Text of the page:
My parents were Emelia Sulkunen and Otto Tikkanen. They were married in Tampere, Finland in 1899. I was born October 6, 1900. My mother had worked in a paper mill there and I think my father worked at various outdoor jobs. Neither one had ever had any formal schooling except confirmation school. It seems my mother had gone for awhile to a “kierto-koulu” (traveling school) where she had learned to read, and became a very fluent reader and read everything she could get her hands on. My father couldn’t have cared less. At that time, Finland belonged to Russia – and there was compulsory service in the army. As a result, many men who could possibly raise the fare, emigrated to America.
In 1902 my father’s brother, Victor, came to Allentown, PA and later to Redgranite, Wis. where he got work in a small stone quarry. My father came to Redgranite in 1904-5. He sent for my mother and me in 1906. The two years mother and I lived in Pispala, a suburb of Tampere.
Naturally, my memories of that time are rather dim, but I do remember that we lived in a house with a rather large central room, which was both kitchen and living room, with 4 bedrooms off it, 2 on each side. On one side lived the owners in one room and an old “ruotu-muori” in the other. I don’t exactly know the meaning of “ruotu” but “muori” means “old woman.” These “ruotu-muoris” were old people who could no longer care for themselves – so the county paid a small sum for their upkeep to anyone who cared for them. Across the room lived mother and I and another young woman with a small son, Olavi – about my age. They also were waiting to join the father in America. They were still waiting when we left, and I cried bitterly to have to leave my playmate. I remember offering this old “muori” play “coffee” from my little toy cup – her toothless mouth looked like such an empty cavity, I was afraid she’d swallow it cup and all! One piece of mischief Olavi and I got into when no grown-ups were around. There was a large pan of beautifully risen dough in the kitchen one day – we sure had fun punching that up and down with our grubby little hands! Needless to say, we got a good spanking. That’s why I remember it so well.
Sometime between 1900-1904 my mother had given birth to two more children, a boy, Otto, and a girl, Aina Elizabeth. The boy died soon after birth and Aina Elizabeth at the age of 3 months. She would have been three years younger than I. I seem to hazily remember that I threw a small bouquet of flowers into her grave. (That may be only because I was told that.)
My father’s mother came to say goodbye to us, I remember her as being gaunt and fairly tall – dressed in her Sunday blacks. Mother and I went to her mother’s home before we left for America. We stayed overnight and slept in an “aitta”. That is a small structure used for storing grain and other foodstuffs, also used for extra sleeping quarters in Finland. I woke up in the night, because I heard a strange sound. Mother said, “Don’t be afraid, it’s only a ‘cuckoo bird’.” That grandma was short and plump, dressed in a homespun blouse and skirt. Her little home was by a small creek where there were white and yellow water lilies. There was a board spanning the creek, I remember two teenage girl cousins crossing it – they were coming to see us to say “goodbye.” That’s all I remember of my grandmother; seems they were both named Eva. I never saw my grandfathers – I’m not even sure of their names. This was around Korpislahti and Ulsanka*, not too far from Jyvaskyla. My parents had both been born around there.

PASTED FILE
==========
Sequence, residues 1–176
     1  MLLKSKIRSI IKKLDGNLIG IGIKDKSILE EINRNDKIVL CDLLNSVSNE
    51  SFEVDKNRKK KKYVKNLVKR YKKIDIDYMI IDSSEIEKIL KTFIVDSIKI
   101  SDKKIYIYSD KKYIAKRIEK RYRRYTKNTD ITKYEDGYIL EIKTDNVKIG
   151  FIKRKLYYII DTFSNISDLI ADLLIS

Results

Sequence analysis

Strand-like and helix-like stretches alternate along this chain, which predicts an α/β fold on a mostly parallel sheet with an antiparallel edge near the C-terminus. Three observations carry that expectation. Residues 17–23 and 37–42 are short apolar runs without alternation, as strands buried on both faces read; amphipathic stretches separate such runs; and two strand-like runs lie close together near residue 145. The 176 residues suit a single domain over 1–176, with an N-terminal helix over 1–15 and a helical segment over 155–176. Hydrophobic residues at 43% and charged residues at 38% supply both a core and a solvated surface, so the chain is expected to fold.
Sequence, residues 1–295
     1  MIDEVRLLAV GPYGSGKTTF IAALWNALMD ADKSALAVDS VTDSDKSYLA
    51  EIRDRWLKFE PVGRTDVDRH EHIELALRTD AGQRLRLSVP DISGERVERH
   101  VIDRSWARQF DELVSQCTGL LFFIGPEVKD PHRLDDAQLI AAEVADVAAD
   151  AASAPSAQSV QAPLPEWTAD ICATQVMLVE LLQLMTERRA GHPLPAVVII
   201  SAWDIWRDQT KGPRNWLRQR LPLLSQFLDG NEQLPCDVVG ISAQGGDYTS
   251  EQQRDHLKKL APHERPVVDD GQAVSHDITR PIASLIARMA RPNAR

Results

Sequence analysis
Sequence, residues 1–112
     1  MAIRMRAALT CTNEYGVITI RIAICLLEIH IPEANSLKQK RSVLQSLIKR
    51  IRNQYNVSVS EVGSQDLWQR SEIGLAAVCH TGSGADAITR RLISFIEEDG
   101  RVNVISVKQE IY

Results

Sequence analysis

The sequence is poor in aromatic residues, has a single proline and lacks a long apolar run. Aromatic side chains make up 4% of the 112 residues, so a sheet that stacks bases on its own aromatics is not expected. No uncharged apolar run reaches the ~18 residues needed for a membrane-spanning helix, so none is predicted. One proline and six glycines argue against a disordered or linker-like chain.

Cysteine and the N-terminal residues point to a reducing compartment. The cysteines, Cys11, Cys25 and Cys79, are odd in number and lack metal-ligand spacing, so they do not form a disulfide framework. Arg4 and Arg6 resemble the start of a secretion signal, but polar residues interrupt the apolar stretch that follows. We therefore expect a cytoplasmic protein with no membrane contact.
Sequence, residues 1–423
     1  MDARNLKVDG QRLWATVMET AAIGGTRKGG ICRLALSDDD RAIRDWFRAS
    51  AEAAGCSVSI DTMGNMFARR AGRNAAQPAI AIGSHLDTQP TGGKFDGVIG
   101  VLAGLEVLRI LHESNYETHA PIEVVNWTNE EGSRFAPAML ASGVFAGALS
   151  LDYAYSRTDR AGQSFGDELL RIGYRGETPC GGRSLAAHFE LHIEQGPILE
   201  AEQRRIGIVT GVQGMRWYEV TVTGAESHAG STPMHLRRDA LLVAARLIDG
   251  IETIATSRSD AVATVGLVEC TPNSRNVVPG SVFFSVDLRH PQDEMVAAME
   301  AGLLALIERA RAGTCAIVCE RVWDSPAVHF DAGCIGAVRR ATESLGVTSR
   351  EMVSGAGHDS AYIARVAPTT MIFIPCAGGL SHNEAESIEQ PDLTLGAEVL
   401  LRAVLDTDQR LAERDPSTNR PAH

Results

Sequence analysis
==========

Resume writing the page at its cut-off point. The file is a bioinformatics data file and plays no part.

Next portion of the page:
Their parents were “torpparis”. A “torppa” is a small cabin on other people’s property, with enough space around it for a small potato patch. A “torparri” often got his surname from the big house. They had to work quite a lot for the “talo” (house) in exchange for skim milk, flour, etc. Children were “farmed out” at a very early age to work for their food and clothes. My mother told how she was 9 years old when she had to take care of the owner’s children and for that she got an old pair of the lady’s shoes after a whole year! They were signed up always for at least a year. (My mother-in-law said one place she had to eat standing up – “You eat too long if you sit!”)
My last memory of Pispala was a “lehti maja” in the yard. That means “leafy-abode” – young birch branches propped up around a table, which was set with a white cloth and flowers, on which was served coffee and “pullaa” Finnish coffee bread. This was in honor of our leaving for America. That is usually done around Juhannus, Midsummer’s Day, in June. So, it was around that time of the year that we left. Details, I do not remember, except that we did stop in Helsinki to visit monther’s brother, Otto Sulkunen. He had a wife and two children, then, a boy Otto and a girl Salme. She was a beautiful child. Both these children died later at an early age as a result of poor nutrition during some war or hard times, when they had to add sawdust (?) into the flour for bread. Anna Lusa and Paula were born later.
That is all I remember of my life in Finland, though I must mention that the women used to go over a hill (in Pispala) to the shore of Nasijarvi (jarvi means lake) to wash clothes. Us children played on the beach. The clothes were scrubbed on the rocks with brushes, boiled in a large black iron kettle over an open fire and rinsed in the lake.
*Velsanka, maybe? One of those words I hand trouble reading.